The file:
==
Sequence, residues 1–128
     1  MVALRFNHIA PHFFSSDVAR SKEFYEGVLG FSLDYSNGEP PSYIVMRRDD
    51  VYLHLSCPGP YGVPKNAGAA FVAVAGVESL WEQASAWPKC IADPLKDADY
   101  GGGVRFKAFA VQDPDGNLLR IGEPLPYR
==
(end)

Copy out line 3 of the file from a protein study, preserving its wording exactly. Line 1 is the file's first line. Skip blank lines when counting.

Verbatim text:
    51  VYLHLSCPGP YGVPKNAGAA FVAVAGVESL WEQASAWPKC IADPLKDADY